Thank you for your comments. May you soon attain the threfold bliss and realize the Deathless! Sukhi hotu!

  3. He who has experienced the true transformation and power of prayer and devotion, will know that ‘really meaning it’ when one says the Vandana, and with full previously contemplated understanding of what one is devoting ones words and respect to, then transformation will really happen, and even miraculous things such as the 5 Piti (raptures) can occur.

    The problem is, we only ever understand how to tryly practice and transfrom, once we have done it at least onece truly. Before this point, we just ‘say it’ kind of mindlessly. This is normal, as Bhante Gunaratana explains, its like kids playing doctors and nurses – firts you play the part, then one day you wake up put your uniform on (robes) and look down and see ‘hey, now i really am a doctor’

    Dhamma practice is the same, until we awaken the causes and begin to wipe some dust from our eyes, we dont feel the Dhamma intuitively. This comes after many years of repeated contemplation, practice and experience.

    In the beginning we chant. If we have the Panya to advance further, then we will surely see that really meaning something in your heart will emit more magical effect than chanting a load of Pali you dont understand.

    The reason the Buddha healed Bhikkhus with a Kata (Ghata/Mantra), is not that it was a magic mantra like a magic spell, it was because the Pali he spoke was the language they spoke in more or les, so basically he gave them an explanation (‘Ghata’ means ‘speech’ not sorcery or mantra) of impermanence and suffering and non self.. the Bhikkhus who were sick then immediately understood his logic, and their ilness faded because of their understanding and enlightening to the matter. Unfortunately we ignorant humans always assume and get all cave mannish again and then assume that this string of five words we cant understand will make you fly if you chant it 12 times.. thats like saying that walking under a ladder brings bad luck.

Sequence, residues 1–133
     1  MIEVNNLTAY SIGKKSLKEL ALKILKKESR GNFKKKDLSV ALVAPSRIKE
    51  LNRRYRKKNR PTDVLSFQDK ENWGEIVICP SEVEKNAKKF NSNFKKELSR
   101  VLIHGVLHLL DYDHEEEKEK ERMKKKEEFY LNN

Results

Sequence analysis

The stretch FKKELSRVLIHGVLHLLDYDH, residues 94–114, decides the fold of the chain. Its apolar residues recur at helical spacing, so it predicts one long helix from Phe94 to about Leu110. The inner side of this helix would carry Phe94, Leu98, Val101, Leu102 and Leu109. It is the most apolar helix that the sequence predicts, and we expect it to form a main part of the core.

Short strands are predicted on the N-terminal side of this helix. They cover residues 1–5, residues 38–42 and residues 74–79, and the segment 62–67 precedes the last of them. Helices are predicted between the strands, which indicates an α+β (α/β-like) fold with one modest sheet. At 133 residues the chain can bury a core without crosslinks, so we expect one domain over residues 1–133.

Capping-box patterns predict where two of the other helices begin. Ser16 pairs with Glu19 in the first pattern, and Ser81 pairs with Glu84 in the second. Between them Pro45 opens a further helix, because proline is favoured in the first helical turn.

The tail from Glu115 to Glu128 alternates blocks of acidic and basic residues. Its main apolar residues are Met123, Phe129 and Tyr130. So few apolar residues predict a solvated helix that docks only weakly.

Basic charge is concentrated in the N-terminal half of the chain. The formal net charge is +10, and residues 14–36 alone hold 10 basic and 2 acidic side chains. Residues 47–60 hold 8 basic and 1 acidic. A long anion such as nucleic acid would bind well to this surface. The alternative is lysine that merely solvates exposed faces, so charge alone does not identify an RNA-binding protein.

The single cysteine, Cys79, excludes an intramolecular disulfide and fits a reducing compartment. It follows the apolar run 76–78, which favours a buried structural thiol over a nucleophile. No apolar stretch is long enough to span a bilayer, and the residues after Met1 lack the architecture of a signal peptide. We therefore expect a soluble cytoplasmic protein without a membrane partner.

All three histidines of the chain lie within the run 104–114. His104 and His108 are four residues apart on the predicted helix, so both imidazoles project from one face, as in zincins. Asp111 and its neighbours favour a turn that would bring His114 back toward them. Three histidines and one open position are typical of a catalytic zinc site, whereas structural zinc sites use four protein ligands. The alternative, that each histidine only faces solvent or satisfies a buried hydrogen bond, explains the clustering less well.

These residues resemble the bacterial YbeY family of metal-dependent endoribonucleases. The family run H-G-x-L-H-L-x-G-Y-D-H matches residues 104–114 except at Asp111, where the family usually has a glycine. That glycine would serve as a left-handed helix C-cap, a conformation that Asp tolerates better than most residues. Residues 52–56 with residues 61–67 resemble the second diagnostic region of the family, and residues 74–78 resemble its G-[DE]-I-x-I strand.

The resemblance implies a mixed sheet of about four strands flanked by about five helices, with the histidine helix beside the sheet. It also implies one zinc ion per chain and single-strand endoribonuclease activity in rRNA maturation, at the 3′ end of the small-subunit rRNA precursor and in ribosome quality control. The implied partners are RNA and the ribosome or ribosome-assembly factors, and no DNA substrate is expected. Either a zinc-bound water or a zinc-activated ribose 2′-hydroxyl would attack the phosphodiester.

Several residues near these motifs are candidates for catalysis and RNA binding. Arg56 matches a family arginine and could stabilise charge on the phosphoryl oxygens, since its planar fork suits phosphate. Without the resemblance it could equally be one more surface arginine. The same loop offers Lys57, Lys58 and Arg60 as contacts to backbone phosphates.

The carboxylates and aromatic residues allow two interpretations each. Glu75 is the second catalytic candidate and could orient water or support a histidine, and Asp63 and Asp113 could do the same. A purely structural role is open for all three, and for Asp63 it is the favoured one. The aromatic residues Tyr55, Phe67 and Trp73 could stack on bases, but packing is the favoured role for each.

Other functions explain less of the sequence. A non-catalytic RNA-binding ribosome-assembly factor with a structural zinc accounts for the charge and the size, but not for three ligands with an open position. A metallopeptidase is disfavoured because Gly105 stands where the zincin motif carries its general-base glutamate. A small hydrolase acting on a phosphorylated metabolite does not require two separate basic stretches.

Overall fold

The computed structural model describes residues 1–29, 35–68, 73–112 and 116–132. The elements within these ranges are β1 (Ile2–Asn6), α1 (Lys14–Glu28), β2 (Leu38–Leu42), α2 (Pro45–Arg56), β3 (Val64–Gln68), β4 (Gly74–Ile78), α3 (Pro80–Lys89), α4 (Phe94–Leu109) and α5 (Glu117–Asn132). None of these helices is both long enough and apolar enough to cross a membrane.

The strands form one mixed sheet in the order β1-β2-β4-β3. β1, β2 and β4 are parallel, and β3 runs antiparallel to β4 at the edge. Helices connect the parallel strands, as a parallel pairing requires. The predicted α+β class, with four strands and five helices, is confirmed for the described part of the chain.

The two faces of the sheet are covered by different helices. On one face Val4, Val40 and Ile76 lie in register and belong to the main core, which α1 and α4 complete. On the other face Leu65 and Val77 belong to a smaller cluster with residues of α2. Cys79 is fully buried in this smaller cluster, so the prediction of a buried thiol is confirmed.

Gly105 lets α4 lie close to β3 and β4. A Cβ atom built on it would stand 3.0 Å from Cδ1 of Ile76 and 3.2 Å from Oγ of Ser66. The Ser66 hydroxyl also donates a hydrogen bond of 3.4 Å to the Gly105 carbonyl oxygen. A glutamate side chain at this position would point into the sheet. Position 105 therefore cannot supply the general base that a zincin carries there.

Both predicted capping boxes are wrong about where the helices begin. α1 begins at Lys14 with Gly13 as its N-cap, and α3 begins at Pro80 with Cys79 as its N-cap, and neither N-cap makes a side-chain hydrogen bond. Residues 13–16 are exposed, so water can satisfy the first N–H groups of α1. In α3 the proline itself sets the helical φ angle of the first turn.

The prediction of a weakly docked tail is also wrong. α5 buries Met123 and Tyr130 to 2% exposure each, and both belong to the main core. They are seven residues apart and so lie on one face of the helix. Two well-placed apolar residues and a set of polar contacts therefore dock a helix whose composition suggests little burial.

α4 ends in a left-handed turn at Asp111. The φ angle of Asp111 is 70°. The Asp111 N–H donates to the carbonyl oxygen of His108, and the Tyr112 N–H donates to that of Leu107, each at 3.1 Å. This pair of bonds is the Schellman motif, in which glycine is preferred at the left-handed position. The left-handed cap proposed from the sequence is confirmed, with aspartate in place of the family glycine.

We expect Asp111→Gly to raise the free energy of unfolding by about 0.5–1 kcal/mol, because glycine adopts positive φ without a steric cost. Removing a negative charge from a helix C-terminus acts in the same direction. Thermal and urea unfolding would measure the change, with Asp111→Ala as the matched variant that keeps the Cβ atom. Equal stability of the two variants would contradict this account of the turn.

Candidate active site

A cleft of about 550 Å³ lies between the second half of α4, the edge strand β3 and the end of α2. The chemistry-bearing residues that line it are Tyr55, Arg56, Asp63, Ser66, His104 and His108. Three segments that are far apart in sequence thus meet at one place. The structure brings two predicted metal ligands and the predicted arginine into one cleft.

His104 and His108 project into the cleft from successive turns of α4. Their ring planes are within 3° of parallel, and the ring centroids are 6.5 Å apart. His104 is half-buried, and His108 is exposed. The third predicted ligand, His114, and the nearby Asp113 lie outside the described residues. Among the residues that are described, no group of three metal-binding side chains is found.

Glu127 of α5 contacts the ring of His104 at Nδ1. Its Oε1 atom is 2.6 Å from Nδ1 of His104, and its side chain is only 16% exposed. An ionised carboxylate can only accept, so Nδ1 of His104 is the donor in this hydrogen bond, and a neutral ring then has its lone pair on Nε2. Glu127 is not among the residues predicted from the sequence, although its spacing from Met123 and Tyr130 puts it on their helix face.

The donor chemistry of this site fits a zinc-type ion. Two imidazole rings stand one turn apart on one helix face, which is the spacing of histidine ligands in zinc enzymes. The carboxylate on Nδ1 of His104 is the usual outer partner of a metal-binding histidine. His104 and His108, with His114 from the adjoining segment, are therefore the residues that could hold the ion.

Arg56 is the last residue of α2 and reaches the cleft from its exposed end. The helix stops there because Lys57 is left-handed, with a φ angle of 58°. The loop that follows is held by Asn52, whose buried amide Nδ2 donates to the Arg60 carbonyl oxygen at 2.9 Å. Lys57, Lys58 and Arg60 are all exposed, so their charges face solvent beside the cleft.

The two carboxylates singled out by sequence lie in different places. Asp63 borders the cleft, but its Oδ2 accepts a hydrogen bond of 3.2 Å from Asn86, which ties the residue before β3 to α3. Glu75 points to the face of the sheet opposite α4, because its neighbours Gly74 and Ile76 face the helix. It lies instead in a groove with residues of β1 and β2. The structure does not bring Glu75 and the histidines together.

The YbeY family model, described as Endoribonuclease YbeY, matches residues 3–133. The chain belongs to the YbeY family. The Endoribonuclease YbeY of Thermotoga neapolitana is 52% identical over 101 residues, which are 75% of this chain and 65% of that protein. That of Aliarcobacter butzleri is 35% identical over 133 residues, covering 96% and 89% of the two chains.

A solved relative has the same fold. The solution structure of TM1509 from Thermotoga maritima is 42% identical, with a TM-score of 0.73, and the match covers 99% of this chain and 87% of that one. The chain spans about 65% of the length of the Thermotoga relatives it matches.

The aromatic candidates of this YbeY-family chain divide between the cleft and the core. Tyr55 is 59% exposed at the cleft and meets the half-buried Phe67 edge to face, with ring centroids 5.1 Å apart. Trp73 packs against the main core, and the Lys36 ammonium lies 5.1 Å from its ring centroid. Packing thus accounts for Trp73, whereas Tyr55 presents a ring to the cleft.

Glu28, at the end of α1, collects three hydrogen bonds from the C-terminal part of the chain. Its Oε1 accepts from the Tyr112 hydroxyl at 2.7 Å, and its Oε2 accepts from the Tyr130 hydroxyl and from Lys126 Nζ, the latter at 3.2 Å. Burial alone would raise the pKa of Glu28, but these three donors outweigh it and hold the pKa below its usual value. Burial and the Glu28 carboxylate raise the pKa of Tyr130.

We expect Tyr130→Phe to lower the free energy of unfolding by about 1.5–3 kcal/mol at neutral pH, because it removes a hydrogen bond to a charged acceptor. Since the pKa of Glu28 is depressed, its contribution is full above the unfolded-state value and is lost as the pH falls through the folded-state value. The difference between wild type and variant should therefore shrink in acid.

we usually dont have enough Panya to be able to see clearly what any being superior to our dumb level would see as obvious. Namely that words are just sound waver without the observer, and are sunyatta (empty of inherent qualities). They therefor only exist as meanings in our head, but on their own in the personless nibbanic non self natured firmament, they dont exist as such.

    There is nothing that does not arise from Mind itself.
    Where the individual stops, there is only one cloud of particles and space – ther is no table, chair and floor – they are all just clouds in the sky and made from the same porousy nothingness

  4. On www is an article: nama tassa Bhagavato arahato samma sambuddhassa – Introduction. How can I found out who wrote it? It is a very good article but I have some question, which I think that writer could answer. I am interested in the use of Ye Dhamma in the Bagan Era Votive Tablets. See: The world of Buddha Footprints


Leave a Reply

Fill in your details below or click an icon to log in:

WordPress.com Logo

You are commenting using your WordPress.com account. Log Out / Change )

Twitter picture

You are commenting using your Twitter account. Log Out / Change )

Facebook photo

You are commenting using your Facebook account. Log Out / Change )

Google+ photo

You are commenting using your Google+ account. Log Out / Change )

Connecting to %s

Categories

Follow

Get every new post delivered to your Inbox.

Join 261 other followers

%d bloggers like this: